Consumer Reports has released its annual list of top 10 Black Friday shopping tips help you score the best deals and keep the frustration to a minimum:
1. Start early. Ah, remember when Black Friday simply meant checking the ads in the Sunday circulars to see which local retailers had the best deals? Things sure have become more complicated. Not only has Black Friday morphed into a whole month of deals and savings, but online retailers also regularly update prices throughout the event. So you'll need to check out the specials being offered in the weeks leading up to Black Friday. Watching these early deals will help you judge how good the actual Black Friday sales really are once it's crunch time. The same goes for Cyber Monday, which now stretches into a week of online specials.
2. Do your homework. Only rookies head out on Black Friday unprepared. Getting ready means studying the ads—in print and online—the weekend before Thanksgiving. In fact, Black Friday leaks are already starting to appear. (We've weighed in on Dell's electronics deals, plus TV sales at BJ's, Kohl's, and Sam's Club.) You'll find tons of leaked ad scans on Black Friday-focused websites such as bfads.net , bestblackfriday.com , gottadeal.com , and theblackfriday.com . Some of these let you filter your searches by product category.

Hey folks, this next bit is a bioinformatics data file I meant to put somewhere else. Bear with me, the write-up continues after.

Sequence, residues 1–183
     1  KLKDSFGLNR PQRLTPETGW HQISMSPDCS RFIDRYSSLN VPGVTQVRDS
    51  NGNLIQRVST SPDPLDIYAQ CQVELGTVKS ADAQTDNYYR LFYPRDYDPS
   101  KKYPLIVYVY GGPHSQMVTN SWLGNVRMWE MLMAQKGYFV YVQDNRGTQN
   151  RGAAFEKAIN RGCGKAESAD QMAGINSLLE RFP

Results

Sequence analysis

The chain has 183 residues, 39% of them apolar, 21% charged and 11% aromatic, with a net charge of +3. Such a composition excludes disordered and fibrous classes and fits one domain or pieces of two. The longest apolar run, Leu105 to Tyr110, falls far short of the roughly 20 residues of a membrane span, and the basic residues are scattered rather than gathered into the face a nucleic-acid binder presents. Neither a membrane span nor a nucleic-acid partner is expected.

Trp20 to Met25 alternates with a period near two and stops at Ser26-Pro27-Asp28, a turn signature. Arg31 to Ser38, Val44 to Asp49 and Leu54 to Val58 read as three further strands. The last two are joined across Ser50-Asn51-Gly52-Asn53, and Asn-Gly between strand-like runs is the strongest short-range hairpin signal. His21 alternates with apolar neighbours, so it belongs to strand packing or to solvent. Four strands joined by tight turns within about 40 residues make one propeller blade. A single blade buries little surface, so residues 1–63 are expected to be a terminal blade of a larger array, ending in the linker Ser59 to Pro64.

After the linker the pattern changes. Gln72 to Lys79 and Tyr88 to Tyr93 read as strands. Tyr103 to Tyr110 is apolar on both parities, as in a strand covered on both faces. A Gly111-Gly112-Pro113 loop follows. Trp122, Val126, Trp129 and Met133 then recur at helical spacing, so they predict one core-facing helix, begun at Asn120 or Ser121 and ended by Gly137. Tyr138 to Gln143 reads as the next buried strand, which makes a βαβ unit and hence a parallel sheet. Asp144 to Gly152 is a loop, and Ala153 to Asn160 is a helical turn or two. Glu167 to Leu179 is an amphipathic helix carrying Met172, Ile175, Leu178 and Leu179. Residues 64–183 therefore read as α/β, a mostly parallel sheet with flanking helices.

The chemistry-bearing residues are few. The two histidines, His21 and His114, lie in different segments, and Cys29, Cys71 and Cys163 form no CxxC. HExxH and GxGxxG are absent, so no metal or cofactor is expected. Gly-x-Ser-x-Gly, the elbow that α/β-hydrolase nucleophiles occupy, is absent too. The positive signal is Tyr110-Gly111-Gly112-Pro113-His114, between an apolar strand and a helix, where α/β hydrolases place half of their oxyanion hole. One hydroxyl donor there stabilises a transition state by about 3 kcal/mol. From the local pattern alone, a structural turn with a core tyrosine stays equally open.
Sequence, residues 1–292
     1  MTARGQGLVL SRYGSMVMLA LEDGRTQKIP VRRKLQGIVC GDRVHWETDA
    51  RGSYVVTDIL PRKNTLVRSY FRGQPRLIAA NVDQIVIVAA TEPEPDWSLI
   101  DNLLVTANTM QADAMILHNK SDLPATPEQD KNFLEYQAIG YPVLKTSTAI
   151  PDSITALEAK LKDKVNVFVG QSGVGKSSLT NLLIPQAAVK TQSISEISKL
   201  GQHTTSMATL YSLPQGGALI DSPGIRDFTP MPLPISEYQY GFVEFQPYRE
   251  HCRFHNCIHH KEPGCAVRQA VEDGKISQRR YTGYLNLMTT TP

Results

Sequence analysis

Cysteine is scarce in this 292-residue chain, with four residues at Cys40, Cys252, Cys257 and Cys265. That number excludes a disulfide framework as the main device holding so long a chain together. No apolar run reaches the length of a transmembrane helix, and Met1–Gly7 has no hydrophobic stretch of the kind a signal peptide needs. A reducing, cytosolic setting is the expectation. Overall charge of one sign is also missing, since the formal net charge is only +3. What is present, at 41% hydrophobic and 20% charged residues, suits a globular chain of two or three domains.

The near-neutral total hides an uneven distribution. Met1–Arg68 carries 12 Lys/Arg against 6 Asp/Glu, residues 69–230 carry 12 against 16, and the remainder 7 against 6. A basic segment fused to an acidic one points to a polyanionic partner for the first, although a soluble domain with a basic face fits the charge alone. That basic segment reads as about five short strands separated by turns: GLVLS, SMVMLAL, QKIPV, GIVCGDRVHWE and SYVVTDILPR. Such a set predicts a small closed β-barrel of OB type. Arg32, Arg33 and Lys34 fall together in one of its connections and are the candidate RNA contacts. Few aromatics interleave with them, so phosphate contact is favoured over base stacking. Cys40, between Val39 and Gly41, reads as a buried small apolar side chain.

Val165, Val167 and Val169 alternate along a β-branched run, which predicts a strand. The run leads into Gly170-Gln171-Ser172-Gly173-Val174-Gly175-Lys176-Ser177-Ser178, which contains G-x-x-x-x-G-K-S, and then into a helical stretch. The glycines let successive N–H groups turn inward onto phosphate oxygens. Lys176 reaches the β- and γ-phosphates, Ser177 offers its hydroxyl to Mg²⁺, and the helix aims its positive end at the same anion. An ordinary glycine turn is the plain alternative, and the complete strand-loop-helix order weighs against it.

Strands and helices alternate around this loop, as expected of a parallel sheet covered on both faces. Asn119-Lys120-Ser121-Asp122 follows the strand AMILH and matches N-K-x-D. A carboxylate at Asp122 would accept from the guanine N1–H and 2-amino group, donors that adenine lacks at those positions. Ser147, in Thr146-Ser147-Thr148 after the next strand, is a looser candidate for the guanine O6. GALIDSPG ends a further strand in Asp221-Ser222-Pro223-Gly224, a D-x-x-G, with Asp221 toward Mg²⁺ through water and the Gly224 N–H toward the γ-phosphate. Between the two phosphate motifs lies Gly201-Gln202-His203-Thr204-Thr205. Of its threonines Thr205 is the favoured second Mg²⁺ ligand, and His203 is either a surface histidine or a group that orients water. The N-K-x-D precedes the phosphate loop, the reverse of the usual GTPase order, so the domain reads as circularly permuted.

3. Compare prices. If you spot a great deal at one retailer, check out some of the comparison sites, which include FatWallet , PriceGrabber.com , PriceWatch.com , Shopping.com , and ShopZilla to make sure you can’t do better elsewhere. (Don't forget Google Shopping and NexTag.com .) There are also a growing number of apps, such as ShopSavvy and BuyVia, that let you scan bar codes to compare prices, get discounts, and score coupons from local retailers. (See tip No. 6, below, for additional shopping apps.) Even Pinterest has price-drop alerts that will monitor items you've pinned on certain websites and email you with the price differences when they go on sale. But be forewarned: Direct comparison shopping isn't always easy, or even possible. For instance, large retailers apply their deepest discounts to sets with a unique model number, which makes it hard to be sure that you're doing an apples-to-apples comparison.
4. Be loyal. Stores often have loyalty programs that offer sales and promotions to their members first, then let them earn rewards on what they buy. Sign up for Black Friday shopping alerts about upcoming promotions, coupons, and discounts. In some cases, you can even learn whether products you want are in stock or eligible for a buy-online/pick-up-at-store option that saves you on shipping charges.
5. Get social. The Facebook pages and Twitter feeds of your favorite retailers are a great way to find out about deals and promotions. Those retailers will often reward customers who "like" them or follow them with special alerts to Black Friday discounts and incentives. And, of course, texts, tweets, and social media posts are an easy way to share Black Friday shopping intel with your friends.